If ever there were an application where open-source software should be mandated by law, electronic voting has got to be it. The benefits of a simple user interface for a populace confounded by the intellectual demands of punch cards are obvious.
A well-designed and transparent touch-screen ballot system with proper cryptographic protections and a robust auditing mechanism would go a long way to avoiding recount debacles like the one in Florida that made the 2000 elections so intriguing. Unfortunately, the systems that state and local governments have been throwing taxpayers' money at are closed, poorly protected against fraud, and lacking in adequate auditing features.
Such is the conclusion of a group of university researchers who got their hands on some of Diebold's e-balloting software. A recent study by Tadayoshi Kohno, Adam Stubblefield and Aviel Rubin of Johns Hopkins University and Dan Wallach of Rice University finds that the Diebold system lacks basic fraud prevention features.
The team examined unencrypted source code from the Diebold AccuVote-TS voting terminal which was recently posted on the Web, apparently leaked inadvertently by the company in an unprotected FTP directory. The terminal software runs on Microsoft Windows.
Among the more glaring security and data-integrity weaknesses is a re-programmable smart-card used by voters which the team says could be modified with ease and allow voters to cast multiple ballots without detection. The cards are meant to be cancelled automatically as soon as a voter casts his ballot, but the system is easy circumvent with card programmer available for about $100, the researchers say.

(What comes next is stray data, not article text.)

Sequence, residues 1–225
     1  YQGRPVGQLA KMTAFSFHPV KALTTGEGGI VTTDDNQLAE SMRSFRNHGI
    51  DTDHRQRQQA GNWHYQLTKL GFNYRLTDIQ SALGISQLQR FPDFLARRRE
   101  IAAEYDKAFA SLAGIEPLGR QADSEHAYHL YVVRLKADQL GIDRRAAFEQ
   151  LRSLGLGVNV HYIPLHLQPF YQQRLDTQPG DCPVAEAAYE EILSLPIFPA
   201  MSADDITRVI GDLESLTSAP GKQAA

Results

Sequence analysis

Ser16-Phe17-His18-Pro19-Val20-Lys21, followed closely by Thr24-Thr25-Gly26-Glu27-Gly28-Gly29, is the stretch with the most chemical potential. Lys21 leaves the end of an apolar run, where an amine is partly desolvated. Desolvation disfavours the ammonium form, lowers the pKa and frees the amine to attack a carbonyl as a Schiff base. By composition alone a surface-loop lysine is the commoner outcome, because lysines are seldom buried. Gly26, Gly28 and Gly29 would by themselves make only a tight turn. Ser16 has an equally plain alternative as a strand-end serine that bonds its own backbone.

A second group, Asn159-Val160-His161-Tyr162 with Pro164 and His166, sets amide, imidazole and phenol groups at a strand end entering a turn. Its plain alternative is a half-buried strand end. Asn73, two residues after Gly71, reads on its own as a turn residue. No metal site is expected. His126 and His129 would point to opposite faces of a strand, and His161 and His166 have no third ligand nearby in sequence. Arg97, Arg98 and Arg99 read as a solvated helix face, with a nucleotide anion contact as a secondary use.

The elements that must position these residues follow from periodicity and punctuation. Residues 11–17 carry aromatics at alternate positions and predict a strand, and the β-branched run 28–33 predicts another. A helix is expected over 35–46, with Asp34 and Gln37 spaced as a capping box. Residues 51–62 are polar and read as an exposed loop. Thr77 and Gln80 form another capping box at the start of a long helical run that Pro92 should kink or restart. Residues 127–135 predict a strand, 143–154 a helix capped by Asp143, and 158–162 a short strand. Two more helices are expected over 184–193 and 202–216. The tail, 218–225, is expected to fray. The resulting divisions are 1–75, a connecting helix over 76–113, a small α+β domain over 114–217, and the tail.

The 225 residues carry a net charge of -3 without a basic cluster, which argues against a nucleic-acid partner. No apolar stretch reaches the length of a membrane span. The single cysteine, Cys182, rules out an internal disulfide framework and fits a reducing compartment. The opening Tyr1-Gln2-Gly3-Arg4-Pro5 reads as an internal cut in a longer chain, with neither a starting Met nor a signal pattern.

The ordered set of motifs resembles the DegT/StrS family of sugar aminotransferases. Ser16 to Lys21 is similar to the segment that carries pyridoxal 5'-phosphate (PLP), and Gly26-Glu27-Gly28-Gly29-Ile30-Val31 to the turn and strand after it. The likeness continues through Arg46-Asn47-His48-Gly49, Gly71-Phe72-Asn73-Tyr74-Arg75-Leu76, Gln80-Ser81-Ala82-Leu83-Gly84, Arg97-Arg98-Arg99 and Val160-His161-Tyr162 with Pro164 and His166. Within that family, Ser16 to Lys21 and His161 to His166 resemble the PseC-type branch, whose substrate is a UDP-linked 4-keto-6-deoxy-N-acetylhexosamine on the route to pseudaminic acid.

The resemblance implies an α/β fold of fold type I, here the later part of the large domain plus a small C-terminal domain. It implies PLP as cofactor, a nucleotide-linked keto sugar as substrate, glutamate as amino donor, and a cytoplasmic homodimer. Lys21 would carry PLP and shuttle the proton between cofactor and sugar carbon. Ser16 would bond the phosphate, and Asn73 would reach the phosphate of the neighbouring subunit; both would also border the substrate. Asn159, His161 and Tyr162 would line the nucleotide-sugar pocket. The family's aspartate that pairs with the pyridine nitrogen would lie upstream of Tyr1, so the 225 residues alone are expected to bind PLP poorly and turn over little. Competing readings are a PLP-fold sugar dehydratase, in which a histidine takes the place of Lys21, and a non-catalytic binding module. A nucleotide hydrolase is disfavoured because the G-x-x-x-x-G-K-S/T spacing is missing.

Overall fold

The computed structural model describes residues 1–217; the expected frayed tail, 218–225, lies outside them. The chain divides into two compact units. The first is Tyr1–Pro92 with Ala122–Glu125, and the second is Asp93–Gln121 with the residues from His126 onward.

"A voter can also perform actions that normally require administrative privileges, including viewing partial results and terminating the election early. Similar undesirable modifications could be made by malevolent poll workers (or even maintenance staff) with access to the voting terminals before the start of an election," the paper says.
"Furthermore, the protocols used when the voting terminals communicate with their home base, both to fetch election configuration information and to report final election results, do not use cryptographic techniques to authenticate the remote end of the connection nor do they check the integrity of the data in transit. Given that these voting terminals could communicate over insecure phone lines or even wireless Internet connections, even unsophisticated attackers can perform untraceable man-in-the-middle attacks."
Election results can easily be skewed by voters and poll workers through smart-card tampering and access to administrative functions in the privacy of the voting booth; ballot choices can be altered by poll workers and supervisors; and, perhaps most worrisome, unauthorized machines running the Diebold software can easily authenticate themselves to the election authority. Finally, tampering is often impossible to detect due to inadequate audit-mechanism security, and re-counts are therefore suspect when tampering occurs.
Because the smart cards communicate with the ballot terminal without encryption, reprogramming one is trivial. A dishonest voter "could program a smartcard to ignore the voting terminal's deactivation command. Such an adversary could use one card to vote multiple times."
For its part Diebold says that its software is rigorously tested and certified by an outside reviewer. But beyond that the company has not been willing to make its source code available for independent review on the usual concerns over having to put money better spent on lobbyists and lavish executive remuneration packages towards defending its patents and copyrights.
However, if exclusively open-source (though not free) software were mandated by federal law, no company would be able to hide pilfered code in competing products and the problem of copyright and patent infringement could be neatly circumvented. ®